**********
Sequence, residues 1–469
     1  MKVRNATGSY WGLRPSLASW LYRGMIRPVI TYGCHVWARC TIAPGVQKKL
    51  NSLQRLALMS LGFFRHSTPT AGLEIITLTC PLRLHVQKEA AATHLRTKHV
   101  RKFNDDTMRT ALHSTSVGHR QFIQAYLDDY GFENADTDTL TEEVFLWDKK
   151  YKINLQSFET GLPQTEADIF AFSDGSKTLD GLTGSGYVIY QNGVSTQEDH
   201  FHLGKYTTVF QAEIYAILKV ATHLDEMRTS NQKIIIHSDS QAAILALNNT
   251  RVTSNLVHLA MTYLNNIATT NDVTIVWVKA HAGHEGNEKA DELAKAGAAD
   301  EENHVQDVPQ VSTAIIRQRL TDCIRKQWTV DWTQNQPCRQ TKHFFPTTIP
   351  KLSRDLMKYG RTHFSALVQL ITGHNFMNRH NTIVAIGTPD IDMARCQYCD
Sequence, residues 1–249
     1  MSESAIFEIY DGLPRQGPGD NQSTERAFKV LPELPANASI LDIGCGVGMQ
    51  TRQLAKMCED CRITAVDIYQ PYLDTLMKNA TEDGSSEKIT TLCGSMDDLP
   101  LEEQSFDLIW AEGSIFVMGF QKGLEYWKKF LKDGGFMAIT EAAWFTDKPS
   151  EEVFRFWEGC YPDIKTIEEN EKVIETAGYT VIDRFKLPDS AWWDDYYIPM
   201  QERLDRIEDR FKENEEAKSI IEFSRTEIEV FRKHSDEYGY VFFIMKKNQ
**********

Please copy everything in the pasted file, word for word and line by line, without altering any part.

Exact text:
Sequence, residues 1–469
     1  MKVRNATGSY WGLRPSLASW LYRGMIRPVI TYGCHVWARC TIAPGVQKKL
    51  NSLQRLALMS LGFFRHSTPT AGLEIITLTC PLRLHVQKEA AATHLRTKHV
   101  RKFNDDTMRT ALHSTSVGHR QFIQAYLDDY GFENADTDTL TEEVFLWDKK
   151  YKINLQSFET GLPQTEADIF AFSDGSKTLD GLTGSGYVIY QNGVSTQEDH
   201  FHLGKYTTVF QAEIYAILKV ATHLDEMRTS NQKIIIHSDS QAAILALNNT
   251  RVTSNLVHLA MTYLNNIATT NDVTIVWVKA HAGHEGNEKA DELAKAGAAD
   301  EENHVQDVPQ VSTAIIRQRL TDCIRKQWTV DWTQNQPCRQ TKHFFPTTIP
   351  KLSRDLMKYG RTHFSALVQL ITGHNFMNRH NTIVAIGTPD IDMARCQYCD
Sequence, residues 1–249
     1  MSESAIFEIY DGLPRQGPGD NQSTERAFKV LPELPANASI LDIGCGVGMQ
    51  TRQLAKMCED CRITAVDIYQ PYLDTLMKNA TEDGSSEKIT TLCGSMDDLP
   101  LEEQSFDLIW AEGSIFVMGF QKGLEYWKKF LKDGGFMAIT EAAWFTDKPS
   151  EEVFRFWEGC YPDIKTIEEN EKVIETAGYT VIDRFKLPDS AWWDDYYIPM
   201  QERLDRIEDR FKENEEAKSI IEFSRTEIEV FRKHSDEYGY VFFIMKKNQ